One of the most breathtaking experiences guests can enjoy at Sundance during the summer months is to simply explore the untouched beauty of Provo canyon on foot. Within the pristine natural playground of our land lies our newest hidden gem, Pahneekahvets Trail — a hiker’s paradise waiting to be discovered! Whether you’re a seasoned adventurer or a nature enthusiast seeking a peaceful escape, Pahneekahvets Trail promises to enchant you with its awe-inspiring scenery and invigorating outdoor experience.
The story of Provo valley begins with its earliest inhabitants, the Noochew Ute, and specifically the Toompahnahwach (Mouth of the Headwaters) band of the Ute Indian Tribe. The Sundance area was not a permanent home to the Ute, due to the extreme winter conditions. They would use this area in the summer months, however, to hunt and gather plant foods and medicinal herbs — some of which you can still see along the trail today.
The trailhead’s elevation is about 6,600 feet, and the trail stretches a total of 1.25 miles. While the journey may be short and leisurely, Pahneekahvets Trail is packed with the breathtaking beauty of the alpine meadows, cascading waterfalls, and panoramic vistas that await you at every turn.
The trail begins with a slight uphill, and then follows a gradual descent for the rest of the way. As hikers begin the ascent, scrub oak shrubs line both sides of the trail, providing a rich food source for native animals such as mule deer, elk and moose.
As you ascend further, the trail opens up to reveal expansive meadows, often blanketed with vibrant wildflowers during the summer months. Their colors paint a mesmerizing tapestry against the backdrop of the surrounding peaks. If you’re visiting during wildflower season, plan to spend a few extra moments here soaking in the beauty!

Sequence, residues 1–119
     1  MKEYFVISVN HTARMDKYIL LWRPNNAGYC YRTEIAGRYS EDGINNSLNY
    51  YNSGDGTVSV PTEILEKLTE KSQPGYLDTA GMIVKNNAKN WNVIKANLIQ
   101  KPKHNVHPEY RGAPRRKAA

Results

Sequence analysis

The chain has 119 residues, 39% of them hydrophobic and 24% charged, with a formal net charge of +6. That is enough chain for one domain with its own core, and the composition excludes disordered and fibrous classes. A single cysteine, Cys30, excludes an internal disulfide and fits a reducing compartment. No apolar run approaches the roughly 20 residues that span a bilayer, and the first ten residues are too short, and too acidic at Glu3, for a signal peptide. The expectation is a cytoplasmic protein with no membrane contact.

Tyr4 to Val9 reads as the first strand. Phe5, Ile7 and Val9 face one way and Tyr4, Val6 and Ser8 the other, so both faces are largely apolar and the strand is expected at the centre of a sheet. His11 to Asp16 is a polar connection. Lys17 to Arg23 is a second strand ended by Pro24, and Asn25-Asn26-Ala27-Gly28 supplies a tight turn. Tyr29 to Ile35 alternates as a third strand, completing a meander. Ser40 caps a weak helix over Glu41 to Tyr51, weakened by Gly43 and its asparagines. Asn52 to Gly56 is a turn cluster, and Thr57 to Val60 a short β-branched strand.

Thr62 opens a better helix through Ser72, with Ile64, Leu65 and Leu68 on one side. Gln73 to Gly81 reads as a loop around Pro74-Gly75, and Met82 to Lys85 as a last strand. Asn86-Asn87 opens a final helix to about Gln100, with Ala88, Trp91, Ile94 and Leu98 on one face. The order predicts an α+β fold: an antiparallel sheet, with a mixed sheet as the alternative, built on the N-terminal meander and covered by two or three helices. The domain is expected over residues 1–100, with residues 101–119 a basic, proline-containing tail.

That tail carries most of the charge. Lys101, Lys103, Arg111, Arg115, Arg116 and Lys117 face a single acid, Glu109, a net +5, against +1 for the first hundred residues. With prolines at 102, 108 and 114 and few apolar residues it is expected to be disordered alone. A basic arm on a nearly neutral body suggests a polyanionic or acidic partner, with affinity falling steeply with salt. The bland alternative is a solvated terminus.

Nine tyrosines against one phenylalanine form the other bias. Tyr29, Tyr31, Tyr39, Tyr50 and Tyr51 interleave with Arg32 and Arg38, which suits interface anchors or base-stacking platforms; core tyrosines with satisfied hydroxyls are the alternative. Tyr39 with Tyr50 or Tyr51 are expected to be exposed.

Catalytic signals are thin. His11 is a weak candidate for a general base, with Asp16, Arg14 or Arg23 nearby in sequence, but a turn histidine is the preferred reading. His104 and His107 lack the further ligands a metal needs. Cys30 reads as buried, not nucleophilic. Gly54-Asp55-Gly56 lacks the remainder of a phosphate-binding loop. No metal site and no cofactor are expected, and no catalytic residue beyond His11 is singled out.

Beyond the meadows the trail will lead guests over the rocky ridge, where Mount Timpanogos dominates the landscape to the west. Standing at 11,752 ft. above sea level, the ‘Timp’ is the second-highest peak of the Wasatch range. Look carefully and you will spot Stewart Falls at the base of the cirque from the trail! Sundance lies at the ancient terminus of three converging glaciers below Mt. Timpanogos, whose imposing peaks and cirques produce a profusion of springs feeding the lakes, falls, creeks, and ponds in the area. This runoff provides precious freshwater year-round.
Looking towards the horizon in the east from this point of the trail, you can see the Uintah Mountain range in the distance. Along the rest of the trail you’ll find a myriad of vegetation and wildlife native to the area, from the aromatic sagebrush to the prickly pear with a long history of medicinal and nutritional use in the region, as well as the Douglas Fir community that provides excellent cover and forage opportunities for wildlife.
We hope this glimpse of Pahneekhavets Trail inspires you to explore the complex web of interactions between landforms, natural forces, and wildlife that produce such an abundance of natural beauty at Sundance. We don’t take lightly our responsibility to protect and steward this land, and it is our great honor to play a part in securing a future for our community of guests and residents to experience beauty, inspiration, and adventure in the great outdoors!
Interested in learning more about our resort's history, environment, activities, and lodging? Our field guide, given to each guest at check-in, contains a fun vacation checklist, useful maps, and interesting facts about the Sundance community.
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